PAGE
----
Professor Jennifer Saul is a philosopher and trans ally who writes about how language works, for example when used to explain, obfuscate or oppress. She expresses concepts clearly and accessibly.
She argues that we should not call people TERFs, because many of them are not radical feminists. Radical feminists oppose sexist ideas about what men or women are like and how they relate to each other, and not all anti-trans campaigners do. Nor is the term “gender critical” useful- all feminists are gender critical. “No feminist thinks gender is just fine as it is,” even if feminists disagree about what to do about it. There is a battle over the rights of trans people, and whether our opponents allege falsely that “predators” could use our rights, or that our rights should be curtailed, they are “anti-trans campaigners” and that is the word that should be used.
I generally use the term “anti-trans campaigner”. I loved the lucidity of her argument, and went in search of other articles. In The Independent she analysed what Donald Trump was doing when he said Mexicans are “bringing drugs, they’re bringing crime, they’re rapists. And some, I assume, are good people.” Why that last bit about “good people”? She says it’s a figleaf, so that Trump’s supporters can doubt that he is racist. A racist would not say that, they say. I don’t doubt Trump is racist, and neither does she. The figleaf “serves to just barely cover what one isn’t supposed to show in public”. It’s different from a dog-whistle, such as talk of “inner-city crime”, which does not explicitly state that the criminals are Black, though racist hearers will assume that. The fig leaf makes it easier to be explicitly racist: when Trump talked of “shithole countries” he used no figleaf.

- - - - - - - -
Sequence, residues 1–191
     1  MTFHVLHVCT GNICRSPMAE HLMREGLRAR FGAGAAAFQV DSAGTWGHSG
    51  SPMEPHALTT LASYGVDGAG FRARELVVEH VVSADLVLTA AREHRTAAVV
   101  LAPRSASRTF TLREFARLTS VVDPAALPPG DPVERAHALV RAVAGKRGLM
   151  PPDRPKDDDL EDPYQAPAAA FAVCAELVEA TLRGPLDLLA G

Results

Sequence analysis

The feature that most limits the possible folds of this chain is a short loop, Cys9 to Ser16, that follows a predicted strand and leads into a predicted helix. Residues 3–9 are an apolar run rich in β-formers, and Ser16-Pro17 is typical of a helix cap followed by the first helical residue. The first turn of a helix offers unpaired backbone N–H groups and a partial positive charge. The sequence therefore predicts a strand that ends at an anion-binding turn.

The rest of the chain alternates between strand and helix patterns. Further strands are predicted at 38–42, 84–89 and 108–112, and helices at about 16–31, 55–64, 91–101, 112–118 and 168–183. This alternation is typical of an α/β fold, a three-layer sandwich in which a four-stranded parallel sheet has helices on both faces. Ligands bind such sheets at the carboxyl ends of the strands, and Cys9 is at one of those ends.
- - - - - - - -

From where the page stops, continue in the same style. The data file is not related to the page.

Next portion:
On Medium, she discusses how people say things whose meaning is clear even if not explicit. “It would be a terrible shame if something were to happen to your family” is clearly a threat, as in context sending someone a photograph of their children can be. So when Trump said to poor dupe Michael Cohen “there’s no business in Russia,” which both knew to be false, Trump was telling Cohen the party line he should insist on. Most of Prof. Saul’s Medium posts are about the shocking scheme to cut down half of Sheffield’s trees, showing the heavy-handed way the city council responds to protests and activism. They might interest anyone whose activism ventures beyond our computer screens. She also established a blog where women in philosophy could anonymously state their experience of sexism.
My interest took me to an academic paper, “(How) should we tell implicit bias stories?” A google search led directly to a pdf download. She writes, Implicit racial biases are largely unconscious and largely automatic racial attitudes, which have been shown to influence behaviour toward members of racial groups… these may be at odds with genuine deeply-felt egalitarian commitments. This makes implicit biases especially puzzling and uniquely disturbing to the self-conception of anti-racist whites like me. I might pick something up about internalised transphobia. The paper is written for a different audience.
Racist, sexist and transphobic results can arise from explicit bias, where a person is happy to be racist etc; from implicit bias, where they want to be anti-racist but act on unconscious beliefs imbibed from the wider society, and from structural injustice.
Prof. Saul quotes Sally Haslanger: Critical Social Theory begins with a commitment to a political movement and its questions; its concepts and theories are adequate only if they contribute to that movement. Fascinating. We have a purpose- to subvert the Kyriarchy. We judge understanding on whether it furthers that purpose.
One might reject stories blaming implicit bias for racist outcomes if the stories make people less likely to take action to avoid those outcomes, either action on themselves or against structural injustice. The stories might, unless the hearers are already committed to seeking social justice: it might reassure them that everyone was like that, so there was no need to change, or reduce their belief that improvement was possible. So our stories should motivate action towards social justice, and offer a road map for such action. They should show that implicit bias arises from and perpetuates structural injustice- such as the “institutional racism” the Macpherson report describes- and that both need combatted.